Waitaki River level criticised

18:53, Aug 19 2014
waitaki river
BRAIDED: The Waitaki River

Despite pleas from the Lower Waitaki River Management Society, the Waimate District Council favours changes to the Waitaki Catchment Water Allocation Regional Plan.

The council will submit in support of the changes, which include adjusting minimum flow, mahinga kai allocation, and recognition of hydro-electric activities.

At yesterday's council meeting, members of the society voiced their concerns over the planned drop of the minimum flow of the Lower Waitaki River from 150 to 102 cumecs, to allow earlier or prior resource holders to retain their priority position to access water.

"The society considers the proposed Plan Change Three to be a short-sighted and misguided option to support. That's if you get your head around it," chairman Ian McIlraith said while addressing councillors.

In the past the river wasn't "subject to the same pressures" as it is now.

He said there were no irrigation abstractions, no need for dilution of nutrients and no sport fish requiring spawning habitat.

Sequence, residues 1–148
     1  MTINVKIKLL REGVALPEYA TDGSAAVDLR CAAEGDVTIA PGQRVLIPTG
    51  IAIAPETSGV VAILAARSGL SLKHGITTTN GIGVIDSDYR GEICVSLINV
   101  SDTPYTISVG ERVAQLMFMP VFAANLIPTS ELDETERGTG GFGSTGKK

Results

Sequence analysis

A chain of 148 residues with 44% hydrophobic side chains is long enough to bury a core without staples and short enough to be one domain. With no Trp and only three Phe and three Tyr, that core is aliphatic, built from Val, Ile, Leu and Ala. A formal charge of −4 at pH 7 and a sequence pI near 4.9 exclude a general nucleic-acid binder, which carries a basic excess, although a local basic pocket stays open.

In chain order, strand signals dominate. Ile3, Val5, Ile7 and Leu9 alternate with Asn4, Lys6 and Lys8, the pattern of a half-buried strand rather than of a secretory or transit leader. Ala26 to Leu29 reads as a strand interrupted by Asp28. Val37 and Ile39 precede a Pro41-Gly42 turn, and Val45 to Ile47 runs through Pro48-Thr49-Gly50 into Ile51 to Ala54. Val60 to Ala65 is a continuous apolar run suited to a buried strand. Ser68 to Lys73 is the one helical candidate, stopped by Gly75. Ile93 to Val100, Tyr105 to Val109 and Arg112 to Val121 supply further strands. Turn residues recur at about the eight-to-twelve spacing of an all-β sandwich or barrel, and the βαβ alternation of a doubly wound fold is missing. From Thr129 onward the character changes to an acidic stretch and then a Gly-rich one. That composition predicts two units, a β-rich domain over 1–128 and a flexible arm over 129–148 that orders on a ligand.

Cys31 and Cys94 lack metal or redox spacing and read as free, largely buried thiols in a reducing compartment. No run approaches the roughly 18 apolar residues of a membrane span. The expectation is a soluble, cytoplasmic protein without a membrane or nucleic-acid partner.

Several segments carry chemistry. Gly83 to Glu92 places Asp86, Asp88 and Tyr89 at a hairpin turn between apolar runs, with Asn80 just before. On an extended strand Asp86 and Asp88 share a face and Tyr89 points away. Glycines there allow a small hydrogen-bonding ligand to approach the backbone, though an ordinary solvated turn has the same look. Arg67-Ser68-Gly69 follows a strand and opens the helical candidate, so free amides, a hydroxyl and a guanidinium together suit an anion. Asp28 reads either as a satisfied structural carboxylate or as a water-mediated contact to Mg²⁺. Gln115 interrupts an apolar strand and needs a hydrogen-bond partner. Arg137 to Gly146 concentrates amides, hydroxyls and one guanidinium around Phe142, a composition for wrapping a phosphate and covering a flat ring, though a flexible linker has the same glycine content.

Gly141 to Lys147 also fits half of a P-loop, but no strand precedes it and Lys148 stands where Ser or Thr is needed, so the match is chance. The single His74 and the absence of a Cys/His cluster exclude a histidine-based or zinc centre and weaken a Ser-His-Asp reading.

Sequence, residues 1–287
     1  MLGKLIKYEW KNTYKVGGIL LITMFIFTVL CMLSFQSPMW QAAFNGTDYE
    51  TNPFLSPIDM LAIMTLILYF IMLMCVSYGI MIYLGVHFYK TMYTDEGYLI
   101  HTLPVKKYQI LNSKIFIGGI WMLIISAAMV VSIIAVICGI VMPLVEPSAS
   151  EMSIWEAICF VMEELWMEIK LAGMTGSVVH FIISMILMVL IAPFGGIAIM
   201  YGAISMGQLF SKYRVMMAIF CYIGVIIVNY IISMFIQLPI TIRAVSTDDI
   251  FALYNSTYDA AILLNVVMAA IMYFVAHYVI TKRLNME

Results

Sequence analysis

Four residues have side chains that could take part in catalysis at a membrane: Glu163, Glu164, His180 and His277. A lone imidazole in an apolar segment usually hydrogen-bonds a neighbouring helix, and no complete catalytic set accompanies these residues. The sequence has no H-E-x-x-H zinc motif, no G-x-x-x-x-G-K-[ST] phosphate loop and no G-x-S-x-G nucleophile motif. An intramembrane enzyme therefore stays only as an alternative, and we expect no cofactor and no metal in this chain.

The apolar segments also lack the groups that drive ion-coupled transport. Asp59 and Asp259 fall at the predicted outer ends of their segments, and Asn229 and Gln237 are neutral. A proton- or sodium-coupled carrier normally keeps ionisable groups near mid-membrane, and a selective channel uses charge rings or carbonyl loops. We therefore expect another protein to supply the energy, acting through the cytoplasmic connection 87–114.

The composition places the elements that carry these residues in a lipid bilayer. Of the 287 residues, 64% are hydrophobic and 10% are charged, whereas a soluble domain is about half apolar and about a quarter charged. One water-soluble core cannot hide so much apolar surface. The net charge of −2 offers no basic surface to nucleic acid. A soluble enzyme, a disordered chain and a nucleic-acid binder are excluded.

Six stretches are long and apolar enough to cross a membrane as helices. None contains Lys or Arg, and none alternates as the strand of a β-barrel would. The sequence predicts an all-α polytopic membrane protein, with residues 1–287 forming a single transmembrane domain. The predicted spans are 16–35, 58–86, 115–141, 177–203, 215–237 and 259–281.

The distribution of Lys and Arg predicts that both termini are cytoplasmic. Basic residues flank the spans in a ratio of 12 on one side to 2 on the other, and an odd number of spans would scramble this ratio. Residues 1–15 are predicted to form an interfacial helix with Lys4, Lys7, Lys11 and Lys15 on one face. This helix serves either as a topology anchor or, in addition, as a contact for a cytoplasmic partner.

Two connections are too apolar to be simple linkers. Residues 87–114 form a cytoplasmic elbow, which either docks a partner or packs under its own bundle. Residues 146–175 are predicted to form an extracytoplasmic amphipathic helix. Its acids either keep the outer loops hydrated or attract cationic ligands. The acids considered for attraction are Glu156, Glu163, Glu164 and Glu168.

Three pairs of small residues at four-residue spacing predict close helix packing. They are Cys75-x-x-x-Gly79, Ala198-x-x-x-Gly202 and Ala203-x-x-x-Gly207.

He added there was no didymo problem and in the past there were not as many visitors, boaters and fishermen being lured back year after year as there was now.

Society member Dugald MacTavish said resource consent for putting in place the 102 cumec minimum flow should wait until 2025, when Meridian Energy's consent comes up for renewal.

"At the moment they only have to put 120 cumecs through the Waitaki Dam. It's impossible to implement the part of the plan to get that 150 cumecs."

John McDonald, who jet boats on the river, said he saw the effects of a drop in flow around 2002 and described it as frightening.

"We saw the river drop quite dramatically ... we had a tough job getting the boat into the water because it wasn't there."

Environment Canterbury commissioner Tom Lambie felt the two parties had "common ground".

"What the zone committee has attempted to do is put together a balanced package that reflects what the community would like and what could benefit the river. There are very few times it gets down to a low level.

"It's a river that is a very big river with a lot of water going down it and it's only [being lowered] at certain times," Lambie said.

McIlraith said the council's decision was "disappointing".

The Timaru Herald